22Higher EducationApel and Masterchef Ireland continuedNCGE NEWS Winter 2011So, we the Masterchef Ireland viewers, know how APEL works. We know that experiential learning is assessed by experts using a set of criteria that are appropriate and fit-for-purposes. We know that candidates for APEL can self-assess within their own interpretation of standards and can often mis-judge their own levels of knowledge and skills. We saw no coaches, mentors, advisers or counsellors intervene between the candidates and the expert assessors. We did see the assessors explain clearly what was expected from the candidates and how learning was to be demonstrated. In higher education this is broadly how APEL works. Experts in the target programme set up appropriate assessment mechanisms for candidates in relation to the entry requirements, advanced entry requirements, module exemptions, or whole award. Candidates provide evidence of having achieved the required learning and the capacity to articulate their learning. Assessors use a set of appropriate criteria by which to judge the evidence of learning in each case.Why then is APEL now becoming a site of contestation among education and training interests? There still persists the belief that brokerage services are necessary to arbitrate between a candidate and an awarding body. Powerful stakeholders in the adult and further education field have promoted such models since the mid-1990s and policy support in this regard ebbs and flows. The Expert Group on Future Skills Report, January 2011 'Developing Recognition of Prior Learning (RPL) in the context of the National Skills Strategy Up-skilling Objectives' clearly exposes thetensions in the positions held by the further education/adult education sector and the higher education sector. Because higher education operates within the 'technologies' of the NQF it is unsurprising that the sector sees no role for external agencies in APEL guidance in relation to its awards. Nor is it surprising that bodies like AONTAS maintain their promotion of guidance services in relation to APEL. Higher education providers have considerably improved their policies and procedures of APEL in recent years, for the most part centred on subsidiarity to the academic programme and the award to which it leads. This model is likely to persist. However, much has also been learned about RPL (a term which includes both certificated and experiential learning) in relation to designing responses to immediate labour market needs, and in relation to strategies to assist unemployed persons to gain employment through improving their formal qualifications, particularly through the three annual round of Labour Market Activation Funds. Higher education well understands the challenges for applicants in these initiatives in making their prior learning visible, and much urgent learning has been achieved in this regard. The guidance and counselling required in this context is offered at the point of application initially by generalist experts and thereafter at the programme level by subject matter experts - the 'Masterchef' equivalent. These experiences have not forwarded the argument for a national strategy and centralised mechanism for APEL guidance and counselling at higher education level. But the argument for better internal, nationally funded, resources for APEL at all levels seems to have been enhanced.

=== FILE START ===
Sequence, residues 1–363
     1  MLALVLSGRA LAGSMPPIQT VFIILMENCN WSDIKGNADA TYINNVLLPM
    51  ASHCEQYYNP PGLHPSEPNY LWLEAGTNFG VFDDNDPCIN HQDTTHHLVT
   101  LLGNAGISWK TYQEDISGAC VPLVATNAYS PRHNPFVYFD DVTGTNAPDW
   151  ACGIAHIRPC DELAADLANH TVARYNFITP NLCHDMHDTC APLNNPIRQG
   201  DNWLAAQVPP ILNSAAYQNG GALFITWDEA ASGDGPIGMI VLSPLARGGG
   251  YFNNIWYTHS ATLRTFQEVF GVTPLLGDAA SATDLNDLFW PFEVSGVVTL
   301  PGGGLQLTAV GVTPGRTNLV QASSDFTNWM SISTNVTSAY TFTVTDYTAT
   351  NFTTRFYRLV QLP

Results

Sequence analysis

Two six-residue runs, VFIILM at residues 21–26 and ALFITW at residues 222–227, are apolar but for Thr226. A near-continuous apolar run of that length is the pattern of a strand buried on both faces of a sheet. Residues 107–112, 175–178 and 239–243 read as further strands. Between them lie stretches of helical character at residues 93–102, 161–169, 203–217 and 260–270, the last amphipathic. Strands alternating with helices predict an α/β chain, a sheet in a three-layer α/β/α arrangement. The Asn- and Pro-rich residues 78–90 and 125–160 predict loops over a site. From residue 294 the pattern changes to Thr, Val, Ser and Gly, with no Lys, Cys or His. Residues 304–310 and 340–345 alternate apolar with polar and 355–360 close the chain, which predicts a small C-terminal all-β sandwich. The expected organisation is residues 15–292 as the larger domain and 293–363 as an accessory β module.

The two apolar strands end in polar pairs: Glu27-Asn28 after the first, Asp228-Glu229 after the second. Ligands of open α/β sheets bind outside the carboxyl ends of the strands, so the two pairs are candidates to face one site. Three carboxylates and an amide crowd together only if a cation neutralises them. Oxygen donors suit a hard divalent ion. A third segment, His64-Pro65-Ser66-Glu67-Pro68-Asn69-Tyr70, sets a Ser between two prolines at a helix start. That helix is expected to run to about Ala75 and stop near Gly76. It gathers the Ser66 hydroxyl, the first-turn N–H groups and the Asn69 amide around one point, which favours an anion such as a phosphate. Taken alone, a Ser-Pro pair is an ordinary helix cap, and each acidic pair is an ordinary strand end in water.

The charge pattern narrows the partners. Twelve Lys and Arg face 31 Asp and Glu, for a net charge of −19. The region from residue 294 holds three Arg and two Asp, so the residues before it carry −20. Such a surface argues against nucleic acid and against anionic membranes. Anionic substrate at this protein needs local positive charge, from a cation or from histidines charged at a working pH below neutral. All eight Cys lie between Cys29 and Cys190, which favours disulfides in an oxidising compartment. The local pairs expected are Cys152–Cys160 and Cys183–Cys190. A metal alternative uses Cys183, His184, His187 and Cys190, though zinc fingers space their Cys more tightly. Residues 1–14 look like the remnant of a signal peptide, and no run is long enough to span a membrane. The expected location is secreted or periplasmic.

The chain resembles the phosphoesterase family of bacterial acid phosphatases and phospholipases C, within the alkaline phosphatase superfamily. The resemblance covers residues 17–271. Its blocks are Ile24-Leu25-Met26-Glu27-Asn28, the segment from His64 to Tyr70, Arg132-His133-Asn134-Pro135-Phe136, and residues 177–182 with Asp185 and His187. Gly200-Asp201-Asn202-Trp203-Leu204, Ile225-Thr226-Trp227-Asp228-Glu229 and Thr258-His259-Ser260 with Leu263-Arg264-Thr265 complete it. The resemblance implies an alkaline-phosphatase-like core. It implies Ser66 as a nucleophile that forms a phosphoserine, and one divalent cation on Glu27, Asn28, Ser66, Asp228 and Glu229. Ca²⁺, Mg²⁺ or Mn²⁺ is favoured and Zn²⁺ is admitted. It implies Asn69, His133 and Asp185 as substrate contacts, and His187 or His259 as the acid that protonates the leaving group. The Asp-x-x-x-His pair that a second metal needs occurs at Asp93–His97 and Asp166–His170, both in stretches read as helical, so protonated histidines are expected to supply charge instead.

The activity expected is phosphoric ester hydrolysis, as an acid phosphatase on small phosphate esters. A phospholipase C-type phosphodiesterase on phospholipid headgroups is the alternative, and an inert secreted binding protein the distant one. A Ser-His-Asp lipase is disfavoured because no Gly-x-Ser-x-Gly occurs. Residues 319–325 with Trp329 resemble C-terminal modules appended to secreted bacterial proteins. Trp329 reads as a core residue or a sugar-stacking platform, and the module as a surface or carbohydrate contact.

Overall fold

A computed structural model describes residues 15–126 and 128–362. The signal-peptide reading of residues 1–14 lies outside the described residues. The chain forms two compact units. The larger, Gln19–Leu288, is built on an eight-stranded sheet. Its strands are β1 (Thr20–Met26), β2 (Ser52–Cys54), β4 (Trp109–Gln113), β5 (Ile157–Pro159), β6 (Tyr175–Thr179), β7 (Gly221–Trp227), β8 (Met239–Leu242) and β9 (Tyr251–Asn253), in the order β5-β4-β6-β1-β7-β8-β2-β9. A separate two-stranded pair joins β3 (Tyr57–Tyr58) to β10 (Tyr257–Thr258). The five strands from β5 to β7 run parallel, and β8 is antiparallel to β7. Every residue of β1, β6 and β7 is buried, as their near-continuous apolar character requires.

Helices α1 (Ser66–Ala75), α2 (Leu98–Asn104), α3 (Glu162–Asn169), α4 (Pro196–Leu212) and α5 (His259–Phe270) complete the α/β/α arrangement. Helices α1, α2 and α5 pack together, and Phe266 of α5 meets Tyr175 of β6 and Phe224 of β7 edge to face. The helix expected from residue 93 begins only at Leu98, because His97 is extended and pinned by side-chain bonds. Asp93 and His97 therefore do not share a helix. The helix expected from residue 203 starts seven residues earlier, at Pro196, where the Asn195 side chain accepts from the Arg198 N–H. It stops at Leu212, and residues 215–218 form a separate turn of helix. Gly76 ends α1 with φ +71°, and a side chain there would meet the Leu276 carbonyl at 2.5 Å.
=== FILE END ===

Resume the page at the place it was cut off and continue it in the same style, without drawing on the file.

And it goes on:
23Additional InformationDr Anne Murphy has written the following articles on APEL APEL Matters in higher education, 2008 Red Lion Press, 'Where does APEL fit in higher education?' http://level3.dit.ie/issue2/murphy/murphy_1.html, RPL Matters in the DIT: policy and practice guide for staff' 2010 DIT, 'Policy development and implementation procedures for recognition of prior learning in higher education; a case study of practice in higher education' http://level3.dit.ie/issue9/murphy/murphy_1.htmlCLICK toLINKCLICK toLINKAuthor Dr Anne Murphy works as RPL Policy Officer and education policy expert in the Directorate of Academic Affairs and Registrar, Dublin Institute of Technology. She has over thirty years experience of education, research and development and was a founder member of the first Irish Higher Education APEL Network in the mid-1990s. She has worked on several nationally and EU-funded research projects and as a consultant for the Council of Europe, the Irish Department of Foreign Affairs and the Malaysia Qualifications Agency. She supervises PhD and Masters research students and is involved in several national and international networks related to higher education and to recognition of prior learning. Higher EducationApel and Masterchef Ireland continuedNCGE NEWS Winter 2011ELGPNELGPN UpdateCLICK toLINKNCGE is an active member of ELGPN Work Package 4 which focuses on the development of a draft framework for quality assurance and evidence based practice for guidance across all sectors. This framework is being developed through dialogue, sharing of national experiences and co-operation of the representative member states involved. As designated representative for Ireland at ELGPN, NCGE attended the plenary meeting in Warsaw in September. The meeting provided the opportunity for collaboration and updates on policy developments from the EU Commission DG Education and Culture.Click to link to Newsletter for ELGPN October 2011 http://ktl.jyu.fi/img/portal/ 10954/ELGPN_newsletter_October_2011.